I have always followed Malawian politics but lately I have done so with great fervency. What has singularly provoked my interest is the concept of “younganisation of malawi’s politics”. According to proponents of this school of thought, the objective is to create an environment that encourages the youth to take a leading role in public affairs.
Notwithstanding the recent increase in the youth’s representation in public affairs realm, the majority of participants have always been the age group above 50. Without any prevarications, I support this thinking. For a long time the youth have been banished to play peripheral roles in public policy matters. Yet the youth are one of the most productive resources that we have. The youth have the propensity to think outside the box and also challenge old assumptions and preconceptions.
I strongly believe the youth will bring in new thinking and untapped, virgin energy into the public arena. We need a renewed sense of urgency. I am convinced that Malawi’s potential to propel to robust social, political and economic development can be unleashed if we abrogate some of the old ways we have been doing our things. I have always thought that the youth are the antidote to rescue Malawi from the old, obsolete mindset which has compromised our progress.
I need not over-emphasize the colossal importance of exercising prudence and wisdom regarding the implementation of this idea or else it will face vitriolic opposition. The opposition can develop if the objectives of younganisation are misconstrued or misunderstood as intending to subjugate particular demographics. My impression is that younganisation does not intend to marginalize any particular group. It only recognizes the fact that the youth have for a long time been under-utilized and that must change now. It is very encouraging to note the surge in the number of young members of parliament. This has not happened by accident. There is so much fervor amongst the youth to step in and help steer Malawi in the right direction.
I have noted with a great measure of disappointment the animosity towards Atupele Muluzi from the older folks of the executive committee of the UDF. Atupele has been thrust to the fore of Malawi’s politics as he has emerged to epitomize the younganisation movement. He has been continuously articulating a paradigm shift in the way we conduct our politics. His temerity and tenacity in speaking out in favor of change has precipitated virulent tidal wave of attacks which include threats of expulsion from UDF. The UDF national executive has rendered the party inactive and is clearly unable to fathom the intensity of the zeal for change simmering within the party. It is vexatious that the same older folks in the executive who are responsible for the desolate and tattered state of the party would like to cling to the reigns of leadership as if they will offer anything meaningful. My advice to them is to open up and embrace change or step down. This applies to all political parties.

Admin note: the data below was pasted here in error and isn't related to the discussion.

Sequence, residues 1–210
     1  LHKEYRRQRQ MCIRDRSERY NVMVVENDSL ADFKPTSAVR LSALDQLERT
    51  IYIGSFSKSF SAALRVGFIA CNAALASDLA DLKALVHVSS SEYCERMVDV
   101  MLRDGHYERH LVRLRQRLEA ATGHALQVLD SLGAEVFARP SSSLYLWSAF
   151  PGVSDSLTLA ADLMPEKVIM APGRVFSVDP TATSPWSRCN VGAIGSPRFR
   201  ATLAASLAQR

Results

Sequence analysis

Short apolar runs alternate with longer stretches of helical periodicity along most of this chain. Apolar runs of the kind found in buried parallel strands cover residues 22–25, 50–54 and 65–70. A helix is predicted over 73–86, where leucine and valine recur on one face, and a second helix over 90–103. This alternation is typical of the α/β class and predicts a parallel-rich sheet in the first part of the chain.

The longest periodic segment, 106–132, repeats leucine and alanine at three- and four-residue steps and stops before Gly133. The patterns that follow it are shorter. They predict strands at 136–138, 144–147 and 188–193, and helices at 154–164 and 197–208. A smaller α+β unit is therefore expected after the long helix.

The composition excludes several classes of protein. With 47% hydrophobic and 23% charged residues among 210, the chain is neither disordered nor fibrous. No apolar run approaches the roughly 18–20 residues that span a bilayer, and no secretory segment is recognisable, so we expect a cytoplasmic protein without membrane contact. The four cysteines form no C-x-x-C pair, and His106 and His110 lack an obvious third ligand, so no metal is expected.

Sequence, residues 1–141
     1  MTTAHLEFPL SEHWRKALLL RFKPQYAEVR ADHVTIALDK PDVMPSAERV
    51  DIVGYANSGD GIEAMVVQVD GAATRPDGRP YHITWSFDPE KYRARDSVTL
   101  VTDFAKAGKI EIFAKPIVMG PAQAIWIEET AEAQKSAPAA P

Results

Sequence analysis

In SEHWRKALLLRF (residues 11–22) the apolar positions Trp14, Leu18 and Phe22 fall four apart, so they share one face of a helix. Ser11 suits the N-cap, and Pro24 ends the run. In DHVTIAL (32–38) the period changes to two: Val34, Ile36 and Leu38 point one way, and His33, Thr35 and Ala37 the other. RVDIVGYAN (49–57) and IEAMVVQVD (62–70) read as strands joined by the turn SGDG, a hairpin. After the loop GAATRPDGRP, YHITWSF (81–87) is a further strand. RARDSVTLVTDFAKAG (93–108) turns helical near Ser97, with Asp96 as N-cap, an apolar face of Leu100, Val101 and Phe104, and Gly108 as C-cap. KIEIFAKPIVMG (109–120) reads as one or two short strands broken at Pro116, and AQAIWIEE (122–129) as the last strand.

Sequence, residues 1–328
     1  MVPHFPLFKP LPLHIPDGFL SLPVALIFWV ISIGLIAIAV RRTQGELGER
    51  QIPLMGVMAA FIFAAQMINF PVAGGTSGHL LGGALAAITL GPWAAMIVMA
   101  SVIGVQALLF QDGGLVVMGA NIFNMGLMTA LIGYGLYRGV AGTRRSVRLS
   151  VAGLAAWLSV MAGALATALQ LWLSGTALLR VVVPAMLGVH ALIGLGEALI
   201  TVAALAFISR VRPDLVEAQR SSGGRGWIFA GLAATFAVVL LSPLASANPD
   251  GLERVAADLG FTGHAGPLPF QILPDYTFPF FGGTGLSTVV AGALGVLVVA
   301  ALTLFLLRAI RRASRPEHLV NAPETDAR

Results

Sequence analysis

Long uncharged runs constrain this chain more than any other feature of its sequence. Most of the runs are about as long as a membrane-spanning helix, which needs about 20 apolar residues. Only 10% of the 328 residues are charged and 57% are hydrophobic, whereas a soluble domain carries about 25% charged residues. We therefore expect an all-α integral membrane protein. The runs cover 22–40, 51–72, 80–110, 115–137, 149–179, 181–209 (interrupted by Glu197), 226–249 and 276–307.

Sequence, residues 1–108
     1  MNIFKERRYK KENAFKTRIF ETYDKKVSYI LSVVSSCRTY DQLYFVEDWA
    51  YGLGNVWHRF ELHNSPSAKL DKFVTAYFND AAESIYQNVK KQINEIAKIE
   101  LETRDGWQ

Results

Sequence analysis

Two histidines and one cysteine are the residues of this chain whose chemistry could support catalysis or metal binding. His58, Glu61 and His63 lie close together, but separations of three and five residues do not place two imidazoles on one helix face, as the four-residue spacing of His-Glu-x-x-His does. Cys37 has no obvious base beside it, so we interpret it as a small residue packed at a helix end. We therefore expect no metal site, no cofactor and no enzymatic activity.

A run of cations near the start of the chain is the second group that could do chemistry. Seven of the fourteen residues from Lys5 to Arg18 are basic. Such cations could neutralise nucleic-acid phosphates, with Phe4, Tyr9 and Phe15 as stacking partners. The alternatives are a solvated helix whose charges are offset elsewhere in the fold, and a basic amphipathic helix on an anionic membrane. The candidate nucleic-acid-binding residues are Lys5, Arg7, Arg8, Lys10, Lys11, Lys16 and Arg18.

I have heard some people argue that some of these politicians are too young to contest for such positions as the office of the presidency. The last time I checked 35 was the minimum age requirement as stipulated in our constitution. The framers of our constitution noted that 35 years is old and mature enough to contest for the presidency. There are numerous examples of individuals who became either presidents or prime ministers early in their lives and became or are still important political leaders in their own right: Ahmed Sekou toure of Guinea-conakry led his country to independence and became president at 35. Patrice Lumumba became prime minister of Zaire (now Democratic republic of congo) at 36. Foure Essozimna Gnassingbe(Eyadema) became president of Togo at 39. Joseph Kabila became president of Democratic republic of congo at 30. Moussa Traore of Mali became head of state at 36. This is proof that young people can rise to the occasion and assume demanding responsibilities.
I find it reprehensible when “young age” becomes a basis for negative reviews and publicity when vetting aspirants for the office of the presidency or any other public office. At the same time I do empathize with those who harbor genuine apprehension regarding the young running for high offices. Young people are associated with immaturity. This is why my next point is very important. We need to establish comprehensive vetting systems. By comprehensive I mean open, competitive, rigorous, meticulous and democratic process. This is the responsibility of each political party. If we are to end up with quality candidates, political parties need to establish better standards in this process.
The process should be able to evaluate all facets of human life and society including issues of probity and intellectual prowess. Any interference with the process in order to influence results in favor of a particular candidate must be avoided. We should avoid having pre-ordained candidates as has been the practice in the past and still is. This practice is clearly an affront to the principle of free and fair elections and is tantamount to disenfranchisement.
I also have to mention that one should not be a target of disqualification and denigration because one is related to a powerful politician. In a democracy like ours, everyone has the right to contest for any public office as long as they satisfy all the constitutionally established prerequisites.
My advice to all political parties is to refrain from standing in the way of the aspirations and choices of its members by imposing candidates. Candidates should not be identified through the top- down process but through bottom- up process. In a democracy, people need to have a sense of ownership and participation in the electoral process.